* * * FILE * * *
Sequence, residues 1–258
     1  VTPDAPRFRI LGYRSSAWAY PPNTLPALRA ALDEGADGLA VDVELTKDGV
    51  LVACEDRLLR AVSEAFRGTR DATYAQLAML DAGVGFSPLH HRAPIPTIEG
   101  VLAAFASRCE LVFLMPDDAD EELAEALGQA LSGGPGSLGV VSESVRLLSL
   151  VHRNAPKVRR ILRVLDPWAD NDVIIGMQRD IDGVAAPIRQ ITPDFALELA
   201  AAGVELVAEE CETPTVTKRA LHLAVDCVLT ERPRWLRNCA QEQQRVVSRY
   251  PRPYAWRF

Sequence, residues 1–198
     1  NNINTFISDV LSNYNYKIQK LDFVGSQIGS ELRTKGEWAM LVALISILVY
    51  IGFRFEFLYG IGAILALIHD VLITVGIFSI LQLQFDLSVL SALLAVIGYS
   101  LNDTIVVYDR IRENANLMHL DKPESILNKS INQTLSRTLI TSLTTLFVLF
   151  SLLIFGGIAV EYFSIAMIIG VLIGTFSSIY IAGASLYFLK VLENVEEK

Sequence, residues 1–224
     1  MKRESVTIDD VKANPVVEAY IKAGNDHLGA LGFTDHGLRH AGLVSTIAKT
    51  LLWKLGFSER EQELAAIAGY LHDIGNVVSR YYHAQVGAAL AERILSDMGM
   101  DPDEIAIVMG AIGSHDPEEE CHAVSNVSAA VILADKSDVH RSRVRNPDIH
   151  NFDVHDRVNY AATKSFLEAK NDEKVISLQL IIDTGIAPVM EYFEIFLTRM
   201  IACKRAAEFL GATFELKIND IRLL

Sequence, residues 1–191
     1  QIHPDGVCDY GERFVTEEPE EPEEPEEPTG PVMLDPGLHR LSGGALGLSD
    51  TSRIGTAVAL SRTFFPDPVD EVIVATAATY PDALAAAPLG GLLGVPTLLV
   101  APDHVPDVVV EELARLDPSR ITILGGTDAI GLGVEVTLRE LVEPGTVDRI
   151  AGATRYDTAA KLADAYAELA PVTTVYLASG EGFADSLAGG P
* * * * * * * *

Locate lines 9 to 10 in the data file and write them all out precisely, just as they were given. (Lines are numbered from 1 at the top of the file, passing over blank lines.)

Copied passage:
     1  NNINTFISDV LSNYNYKIQK LDFVGSQIGS ELRTKGEWAM LVALISILVY
    51  IGFRFEFLYG IGAILALIHD VLITVGIFSI LQLQFDLSVL SALLAVIGYS